In 1671, Metacom, known to the English as King Philip, negotiated a treaty with the Plymouth Colony, and this document illustrated the multiple signals lopped off heads sent in Colonial New England. The Wampanoag Sachem agreed to abide by Plymouth’s laws, to pay a fine of one hundred pounds for past “misdemeanors,” to “not make war without approbation,” to allow the court at Plymouth to settle future disputes, and to submit to a ban on selling Wampanoag land without the approval of the court. He also promised to send five wolves’ heads to the governor every year as a “token of his fealty.” Later that year, Metacom escorted Takamunna, Sachem of the Saconet, to the Plymouth Court. Takamunna signed a similar treaty and pledged one wolf’s head a year. The wolf head tributes the Plymouth Colony extracted from Metacom and Takamunna represented the colonists’ attempt to fashion a symbol that communicated their right to control the demarcation, transference, and ownership of territory. Metacom contested this right. Four years after signing the treaty, he led an uprising against the English. Many skulls rolled during King Philip’s War, but only one ended up rotting on a pole in Plymouth town–Metacom’s.
Propped up for display like a wolf’s head, King Philip’s skull was a symbol of English ascendancy. The colonists tried to use human skulls as tokens of power from the earliest years of settlement. In 1623, Myles Standish decapitated Wituwamat, a Massachusett Indian accused of conspiring to destroy the English settlements, and stuck his head on a pole outside of Plymouth’s fort. The colonists received Wituwamat’s head “with joy;” it signaled their ability to defend themselves and punish their enemies. This was hubris. In 1623, the Plymouth Colony could barely feed itself much less fend off a coordinated Indian attack. Wituwamat’s head symbolized the colonists’ yearning for power, domination, and control, aspirations thwarted by the continued presence of human rivals who interpreted skulls differently. Miles Standish seized physical command of an Indian body when he chopped off Wituwamat’s head, but the English never acquired the cultural authority to determine the skull’s meaning.
During the Pequot War, the colonists’ Narragansett and Mohegan allies offered Pequot heads as gifts. For the Indians, the gifts re-enforced their equal partnership with the English. The colonists, however, saw the skulls as tokens of not only the Pequots’ subordination but the Mohegans’ and Narragansetts’ as well. The heads represented the Indians’ “service” and “fidelity.” In 1637, Roger Williams indulged in the ultimate power fantasy. In a letter to the governor of the Massachusetts Bay Colony, John Winthrop, he suggested that the conquered Pequots be dispersed throughout the colonies. They would live in small, isolated groups and send an annual tribute of wolves’ heads to the governor: “as once Edgar the Peacable did with the Welsh in North Wales, a tribute of wolves heads be imposed on them . . . which I conceave an incomparable way to Save much Cattell alive in the land.”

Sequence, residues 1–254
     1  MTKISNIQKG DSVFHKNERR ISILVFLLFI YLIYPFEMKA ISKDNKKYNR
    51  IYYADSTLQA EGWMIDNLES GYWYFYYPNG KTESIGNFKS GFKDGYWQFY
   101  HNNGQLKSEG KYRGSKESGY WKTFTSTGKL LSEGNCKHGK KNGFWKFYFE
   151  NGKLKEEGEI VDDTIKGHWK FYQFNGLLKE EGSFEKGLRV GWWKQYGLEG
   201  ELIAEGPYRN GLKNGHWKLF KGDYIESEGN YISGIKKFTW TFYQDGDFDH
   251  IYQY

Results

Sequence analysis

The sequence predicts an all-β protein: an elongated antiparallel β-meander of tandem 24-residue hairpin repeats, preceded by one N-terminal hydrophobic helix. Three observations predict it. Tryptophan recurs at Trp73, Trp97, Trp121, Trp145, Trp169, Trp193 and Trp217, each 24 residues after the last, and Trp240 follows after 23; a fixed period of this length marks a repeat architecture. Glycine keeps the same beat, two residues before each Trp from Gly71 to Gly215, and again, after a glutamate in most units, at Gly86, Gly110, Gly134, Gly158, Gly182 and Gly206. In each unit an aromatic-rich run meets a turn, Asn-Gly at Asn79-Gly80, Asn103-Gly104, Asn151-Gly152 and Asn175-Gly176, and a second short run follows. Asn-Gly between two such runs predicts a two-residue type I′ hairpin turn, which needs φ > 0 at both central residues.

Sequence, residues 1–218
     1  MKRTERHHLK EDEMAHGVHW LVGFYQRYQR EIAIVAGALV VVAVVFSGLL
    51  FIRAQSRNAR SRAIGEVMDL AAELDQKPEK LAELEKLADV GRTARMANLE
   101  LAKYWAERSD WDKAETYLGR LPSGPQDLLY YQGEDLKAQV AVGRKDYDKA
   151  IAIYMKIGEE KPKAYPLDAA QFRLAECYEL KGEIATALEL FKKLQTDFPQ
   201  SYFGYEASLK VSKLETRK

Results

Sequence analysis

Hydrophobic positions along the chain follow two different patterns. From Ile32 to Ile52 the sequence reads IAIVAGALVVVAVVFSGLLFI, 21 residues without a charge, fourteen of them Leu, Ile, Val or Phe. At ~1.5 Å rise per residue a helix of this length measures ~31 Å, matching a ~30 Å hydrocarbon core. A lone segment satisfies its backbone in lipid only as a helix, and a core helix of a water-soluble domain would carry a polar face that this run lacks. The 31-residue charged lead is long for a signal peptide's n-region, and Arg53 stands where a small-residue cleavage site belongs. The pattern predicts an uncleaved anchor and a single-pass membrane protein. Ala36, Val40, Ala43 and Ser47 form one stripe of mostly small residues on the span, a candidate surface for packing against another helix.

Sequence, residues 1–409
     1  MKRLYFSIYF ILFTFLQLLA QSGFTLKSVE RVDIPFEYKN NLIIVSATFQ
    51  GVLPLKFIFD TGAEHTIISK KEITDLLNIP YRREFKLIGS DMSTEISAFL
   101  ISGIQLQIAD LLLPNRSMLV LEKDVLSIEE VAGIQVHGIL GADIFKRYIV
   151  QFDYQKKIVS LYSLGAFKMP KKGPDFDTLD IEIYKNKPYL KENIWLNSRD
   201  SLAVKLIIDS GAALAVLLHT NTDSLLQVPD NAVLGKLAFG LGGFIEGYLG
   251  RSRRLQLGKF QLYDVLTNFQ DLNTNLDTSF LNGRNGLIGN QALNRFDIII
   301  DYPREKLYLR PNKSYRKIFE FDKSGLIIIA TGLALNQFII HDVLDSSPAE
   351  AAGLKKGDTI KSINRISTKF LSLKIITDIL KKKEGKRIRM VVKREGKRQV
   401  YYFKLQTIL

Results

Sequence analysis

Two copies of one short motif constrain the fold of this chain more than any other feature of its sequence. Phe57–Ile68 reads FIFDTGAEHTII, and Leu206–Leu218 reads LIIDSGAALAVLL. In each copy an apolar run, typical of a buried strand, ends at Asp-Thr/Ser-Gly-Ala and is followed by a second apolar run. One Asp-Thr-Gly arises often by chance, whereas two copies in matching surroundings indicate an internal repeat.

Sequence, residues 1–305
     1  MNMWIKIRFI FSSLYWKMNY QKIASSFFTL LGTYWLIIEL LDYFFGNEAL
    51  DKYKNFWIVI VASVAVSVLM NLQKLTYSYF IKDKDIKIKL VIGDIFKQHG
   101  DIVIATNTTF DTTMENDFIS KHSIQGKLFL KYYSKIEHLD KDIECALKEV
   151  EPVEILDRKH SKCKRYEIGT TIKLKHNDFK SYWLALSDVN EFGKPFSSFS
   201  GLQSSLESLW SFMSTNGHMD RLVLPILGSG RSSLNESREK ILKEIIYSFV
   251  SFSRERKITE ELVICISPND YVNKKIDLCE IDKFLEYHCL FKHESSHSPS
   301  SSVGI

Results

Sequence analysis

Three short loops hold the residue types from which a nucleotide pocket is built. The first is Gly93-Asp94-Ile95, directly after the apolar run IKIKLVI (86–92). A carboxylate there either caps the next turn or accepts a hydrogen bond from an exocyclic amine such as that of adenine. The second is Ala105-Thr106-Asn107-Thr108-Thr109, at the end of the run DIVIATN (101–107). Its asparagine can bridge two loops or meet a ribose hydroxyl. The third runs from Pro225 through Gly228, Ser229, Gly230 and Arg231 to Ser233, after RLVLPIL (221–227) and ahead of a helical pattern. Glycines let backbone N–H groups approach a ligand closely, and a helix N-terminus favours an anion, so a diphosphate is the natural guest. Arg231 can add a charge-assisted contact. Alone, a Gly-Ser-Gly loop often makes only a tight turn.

Williams’s plan linked the conquests of wolves and Indians through communication and territory. The vanquished Pequots would destroy wolves to communicate their fidelity to and compliance with English authority. In the process, they would make the wilderness safe for the colonists’ meandering property. Williams imagined a line of communication that worked like a chain of command. Indians would subordinate wolves in order to collect the emblems of their own subordination. The plan, however, contained a glaring weakness. Controlling the symbolism of wolves’ heads was beyond the colonists’ power.
The Algonquians exchanged both human and animal body parts for their own reasons. They traded black wolves’ skins to heal alliances and restore reciprocity. Wolf killing was a byproduct of seasonal deer trapping in Southern New England. Indian trappers destroyed the wolves that robbed their deer snares, and every so often they caught an exceptional thief, a trespasser with all black pelage (most wolves are gray in forest habitats). Repairing the damage done by the crime rather than punishing the criminal was a core idea of Algonquian justice. Trappers did not punish wolves as much as exact restitution comparable to the animal’s offense. A wolf skin signified atonement. That was why black wolves’ skins worked so well as peace offerings. They were rare gifts that signaled the giver’s desire to expiate past misdeeds.
It is hard to tell what wolves’ heads, as opposed to pelts, meant to Indians, but the events leading up to King Philip’s War hold a few clues. Metacom’s revolt in 1675 makes more sense if he understood the wolves’ heads he committed to give in 1671 as symbols of restored equality instead of imposed fealty. The skulls may have hastened the war by convincing both the English and the Wampanoags that each broke promises neither made.
The conquest of New England teaches many lessons, but three stand out in regard to wolf heads. First, the eradication of wolves involved a tangled cast of species and cultures. Second, wolves died for their role as ambiguous symbols in human conflicts as well as for their predation of livestock. Finally, wolf heads remained potent icons because wolves survived in southern New England for over a century despite the colonists’ best efforts to destroy them. Evasion–a maneuver that grew ever harder to perform as English colonists drained swamps and converted forests into fields–was the key to animals’ endurance.